Trauma-informed leadership invites both intentional interpersonal sensitivities and different orientations to organizational policies and procedures. Ironically, practices anchored in principles of consistency, fairness, and reliability can harm students, faculty, and staff. An appeal process might require students to relive traumatic events at home to explain declining academic performance. A room change request might force BIPOC students to enumerate chronic microaggressions from roommates. A workplace bullying investigation might compel postdoctoral researchers to detail threats, belittlement, and harassment from tenured professors who control their professional futures. These bureaucratic realities reveal a need for institutions to audit policies and procedures for potential harm. A trauma-informed leader recognizes that the same attention to empathy and humanity that defines their individual behaviors can also shape the reform of taken-for-granted organizational practices. By adopting a beginner’s mindset, leaders can anchor a comprehensive review of policies in trauma prevention to understand how their institutions create additional harm for individuals. A review of student policies, for example, might be disciplined by the question, “What would the experience of completing this process feel like for someone who has experienced trauma?”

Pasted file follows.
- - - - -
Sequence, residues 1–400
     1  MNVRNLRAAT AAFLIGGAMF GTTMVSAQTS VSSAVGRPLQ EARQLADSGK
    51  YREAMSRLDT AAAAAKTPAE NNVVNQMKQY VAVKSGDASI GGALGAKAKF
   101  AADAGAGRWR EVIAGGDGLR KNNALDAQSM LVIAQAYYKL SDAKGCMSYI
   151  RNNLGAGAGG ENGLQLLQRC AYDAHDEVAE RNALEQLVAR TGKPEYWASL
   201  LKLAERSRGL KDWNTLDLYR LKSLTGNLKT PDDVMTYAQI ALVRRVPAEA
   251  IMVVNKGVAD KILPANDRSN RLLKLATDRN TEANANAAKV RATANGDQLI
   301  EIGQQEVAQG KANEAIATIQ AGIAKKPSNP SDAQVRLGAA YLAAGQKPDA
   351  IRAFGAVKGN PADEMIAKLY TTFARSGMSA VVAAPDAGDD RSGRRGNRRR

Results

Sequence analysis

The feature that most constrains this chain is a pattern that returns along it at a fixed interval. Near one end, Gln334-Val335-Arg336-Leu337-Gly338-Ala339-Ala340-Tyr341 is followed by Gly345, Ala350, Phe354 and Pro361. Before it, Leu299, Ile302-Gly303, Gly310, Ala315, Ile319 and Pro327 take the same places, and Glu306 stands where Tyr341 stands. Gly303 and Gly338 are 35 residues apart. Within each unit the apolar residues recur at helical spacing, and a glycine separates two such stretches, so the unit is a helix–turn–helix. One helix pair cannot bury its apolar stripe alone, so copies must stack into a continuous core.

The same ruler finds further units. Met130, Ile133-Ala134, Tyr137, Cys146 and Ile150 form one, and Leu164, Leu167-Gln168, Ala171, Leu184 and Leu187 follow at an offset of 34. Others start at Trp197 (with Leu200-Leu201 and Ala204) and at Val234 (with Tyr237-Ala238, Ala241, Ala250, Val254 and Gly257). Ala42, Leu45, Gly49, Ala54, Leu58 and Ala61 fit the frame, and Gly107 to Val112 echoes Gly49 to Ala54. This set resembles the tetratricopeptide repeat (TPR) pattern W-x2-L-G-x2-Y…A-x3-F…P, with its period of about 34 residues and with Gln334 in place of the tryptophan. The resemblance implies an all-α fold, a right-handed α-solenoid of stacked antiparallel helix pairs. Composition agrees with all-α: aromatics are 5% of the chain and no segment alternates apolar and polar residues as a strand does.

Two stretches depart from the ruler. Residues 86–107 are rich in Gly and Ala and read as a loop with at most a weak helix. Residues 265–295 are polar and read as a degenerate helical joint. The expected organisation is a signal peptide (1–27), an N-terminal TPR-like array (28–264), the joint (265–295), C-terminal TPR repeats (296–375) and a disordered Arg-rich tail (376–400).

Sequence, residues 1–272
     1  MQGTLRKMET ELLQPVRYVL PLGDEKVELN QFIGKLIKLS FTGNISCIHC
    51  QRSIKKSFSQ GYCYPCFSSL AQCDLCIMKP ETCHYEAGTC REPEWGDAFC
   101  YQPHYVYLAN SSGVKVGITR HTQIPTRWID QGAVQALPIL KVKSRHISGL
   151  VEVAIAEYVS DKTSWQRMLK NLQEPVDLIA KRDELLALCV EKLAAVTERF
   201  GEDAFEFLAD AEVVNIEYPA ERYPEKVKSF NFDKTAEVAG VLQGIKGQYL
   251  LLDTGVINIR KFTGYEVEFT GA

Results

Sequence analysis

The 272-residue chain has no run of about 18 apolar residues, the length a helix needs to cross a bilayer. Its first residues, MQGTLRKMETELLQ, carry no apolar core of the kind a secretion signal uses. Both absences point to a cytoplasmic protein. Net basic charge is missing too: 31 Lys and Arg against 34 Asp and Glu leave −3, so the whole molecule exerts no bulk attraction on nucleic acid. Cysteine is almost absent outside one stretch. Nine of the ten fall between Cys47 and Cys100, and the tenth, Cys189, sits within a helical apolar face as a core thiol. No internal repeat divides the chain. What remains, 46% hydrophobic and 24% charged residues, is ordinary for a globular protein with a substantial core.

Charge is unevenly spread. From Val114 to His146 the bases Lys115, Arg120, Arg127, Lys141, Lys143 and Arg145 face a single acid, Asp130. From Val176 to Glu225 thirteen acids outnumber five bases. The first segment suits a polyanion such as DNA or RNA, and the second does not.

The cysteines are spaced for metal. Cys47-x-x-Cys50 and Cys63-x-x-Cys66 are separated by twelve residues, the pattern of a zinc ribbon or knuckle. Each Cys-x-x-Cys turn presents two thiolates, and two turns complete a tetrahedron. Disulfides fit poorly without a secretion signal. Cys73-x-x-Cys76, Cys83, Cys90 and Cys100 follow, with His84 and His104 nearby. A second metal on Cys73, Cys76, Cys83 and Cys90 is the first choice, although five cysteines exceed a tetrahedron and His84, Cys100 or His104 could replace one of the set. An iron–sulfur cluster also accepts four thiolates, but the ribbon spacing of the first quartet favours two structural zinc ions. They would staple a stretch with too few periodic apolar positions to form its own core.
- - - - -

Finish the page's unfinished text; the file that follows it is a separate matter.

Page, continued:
Trauma-informed leadership also requires that we encourage a habit that isn’t reflexive in higher education: slowing down. When we are left without space (whether physical white space on our calendars or metaphorical space to think between interactions and projects), we run the risk of depriving our nervous systems of sufficient resources to decompress. This shortfall affects not only personal trauma but also organizational performance. When workplace norms embrace logics of more-more-more and quantity over quality, we forfeit space for creativity, wellness, and curiosity, which precludes rich interactions that foster understanding and temper snap judgments. In response, trauma-informed leaders understand that slowing down enables sustainable performance over time. A slowing-down agenda might include limiting the number and frequency of meetings, scheduling meetings to brainstorm ideas more than to relay information, empowering (and protecting) faculty and staff to say no, safeguarding blocks of time for creative rumination by establishing email and meeting embargos, and supporting faculty and staff in flexible work arrangements when possible. A trauma-informed leader resists the temptation to cram more into the overloaded portfolios of faculty and staff and instead acknowledges and respects the basic human need for restoration and renewal.